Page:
But we did this week. Last spring I was able to purchase a four color screen printing system for my classroom with an education grant. It is really cool and we used it with my students for one color jobs and have had great success. We are working our way up to the more advanced projects!
So for our 14th annual Maxwell Lakehouse trip, I asked Dad if he wanted to screenprint shirts for all 22 of us. Kylie and Dad came up with the design, I fine-tuned it and printed it, and we ordered tshirts. We made the screens and are increasing our skills with the emulsion process.
Finally we were ready to print. Kylie and Lexi had to come help. Given that I grew up screenprinting with Dad, no way were they not going to help us! Just getting the shirts ready to print was an undertaking given that our sizes start with a 6 month old and go up to an adult xl.
I took a time lapse video of our work. If you watch carefully you can see Kylie and Lexi screenprint a little themselves at the end! Lexi was the master at loading the shirts exactly right and Kylie pulled the shirts and set them on the drying rack.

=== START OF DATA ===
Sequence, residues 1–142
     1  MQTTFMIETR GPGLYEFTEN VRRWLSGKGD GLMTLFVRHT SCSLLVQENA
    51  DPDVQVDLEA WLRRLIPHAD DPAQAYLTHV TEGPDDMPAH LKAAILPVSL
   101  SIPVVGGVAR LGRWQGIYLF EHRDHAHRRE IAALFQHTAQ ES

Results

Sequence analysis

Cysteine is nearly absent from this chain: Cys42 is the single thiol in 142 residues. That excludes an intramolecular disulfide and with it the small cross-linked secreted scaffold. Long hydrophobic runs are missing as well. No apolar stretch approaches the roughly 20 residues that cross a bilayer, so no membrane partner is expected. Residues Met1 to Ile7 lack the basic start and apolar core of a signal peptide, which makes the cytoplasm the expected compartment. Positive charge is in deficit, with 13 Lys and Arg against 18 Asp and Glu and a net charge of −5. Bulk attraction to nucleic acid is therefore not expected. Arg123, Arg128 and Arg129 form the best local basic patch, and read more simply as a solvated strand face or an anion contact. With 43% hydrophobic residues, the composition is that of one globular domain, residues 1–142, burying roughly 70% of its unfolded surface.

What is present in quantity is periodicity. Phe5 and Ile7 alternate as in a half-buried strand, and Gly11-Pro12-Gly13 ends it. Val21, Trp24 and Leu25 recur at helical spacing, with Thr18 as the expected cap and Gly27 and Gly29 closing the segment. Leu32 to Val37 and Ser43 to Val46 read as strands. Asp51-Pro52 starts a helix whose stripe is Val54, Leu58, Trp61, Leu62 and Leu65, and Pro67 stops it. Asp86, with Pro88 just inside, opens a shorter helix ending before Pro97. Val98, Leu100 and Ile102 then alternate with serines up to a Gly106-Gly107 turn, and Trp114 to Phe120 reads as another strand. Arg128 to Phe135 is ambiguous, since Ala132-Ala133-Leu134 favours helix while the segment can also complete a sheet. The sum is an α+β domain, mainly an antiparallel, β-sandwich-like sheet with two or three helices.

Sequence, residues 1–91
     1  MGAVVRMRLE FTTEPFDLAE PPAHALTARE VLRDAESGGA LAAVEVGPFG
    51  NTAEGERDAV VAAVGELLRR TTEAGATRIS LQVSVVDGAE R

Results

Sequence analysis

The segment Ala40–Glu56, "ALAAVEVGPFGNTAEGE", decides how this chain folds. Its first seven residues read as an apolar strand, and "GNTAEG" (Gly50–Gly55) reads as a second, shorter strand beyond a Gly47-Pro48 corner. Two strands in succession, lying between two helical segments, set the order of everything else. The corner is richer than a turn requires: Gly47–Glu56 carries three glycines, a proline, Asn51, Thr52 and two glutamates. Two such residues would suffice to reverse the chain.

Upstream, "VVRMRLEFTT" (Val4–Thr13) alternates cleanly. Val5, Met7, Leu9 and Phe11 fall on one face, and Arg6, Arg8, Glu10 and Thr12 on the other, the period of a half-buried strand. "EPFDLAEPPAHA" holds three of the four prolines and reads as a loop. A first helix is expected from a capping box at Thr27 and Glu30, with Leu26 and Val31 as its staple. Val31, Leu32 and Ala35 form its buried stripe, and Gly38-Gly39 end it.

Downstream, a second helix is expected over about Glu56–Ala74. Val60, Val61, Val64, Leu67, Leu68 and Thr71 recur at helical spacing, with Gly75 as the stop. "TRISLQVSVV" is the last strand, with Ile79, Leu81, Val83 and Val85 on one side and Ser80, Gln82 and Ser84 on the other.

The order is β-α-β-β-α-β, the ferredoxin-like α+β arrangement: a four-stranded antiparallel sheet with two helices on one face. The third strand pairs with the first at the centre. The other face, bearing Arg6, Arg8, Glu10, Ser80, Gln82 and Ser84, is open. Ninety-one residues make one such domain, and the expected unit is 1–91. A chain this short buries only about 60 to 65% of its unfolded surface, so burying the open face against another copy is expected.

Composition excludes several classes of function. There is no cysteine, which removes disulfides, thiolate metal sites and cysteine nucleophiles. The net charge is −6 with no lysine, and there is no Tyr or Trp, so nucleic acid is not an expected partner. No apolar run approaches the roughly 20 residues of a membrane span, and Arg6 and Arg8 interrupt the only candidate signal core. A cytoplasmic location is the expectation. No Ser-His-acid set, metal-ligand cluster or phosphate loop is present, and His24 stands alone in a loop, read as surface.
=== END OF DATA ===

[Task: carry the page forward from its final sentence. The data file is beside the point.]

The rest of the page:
We were doing fine.. actually we did great until about shirt number 17. At that point the fact that we were not putting the shirts under the flash dryer between colors became an issue. I knew it would be.. but I had hoped that we would make it to the end first. But no. Dad was so disappointed. I wasn’t. I guess twenty years of teaching public school has me thinking that getting 16 of the 22 done without too much of a mess is a win. Dad said we weren’t screenprinting, we were SCREAMPRINTING!